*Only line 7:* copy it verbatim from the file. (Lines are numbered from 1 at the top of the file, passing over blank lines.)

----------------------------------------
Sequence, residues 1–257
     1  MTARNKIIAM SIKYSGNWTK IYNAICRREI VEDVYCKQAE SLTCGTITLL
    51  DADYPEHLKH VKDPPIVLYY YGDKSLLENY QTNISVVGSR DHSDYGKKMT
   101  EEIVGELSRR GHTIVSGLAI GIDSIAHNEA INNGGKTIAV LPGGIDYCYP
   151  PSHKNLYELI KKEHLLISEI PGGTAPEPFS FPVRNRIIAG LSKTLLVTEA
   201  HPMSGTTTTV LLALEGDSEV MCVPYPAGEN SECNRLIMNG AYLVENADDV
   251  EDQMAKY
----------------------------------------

   251  EDQMAKY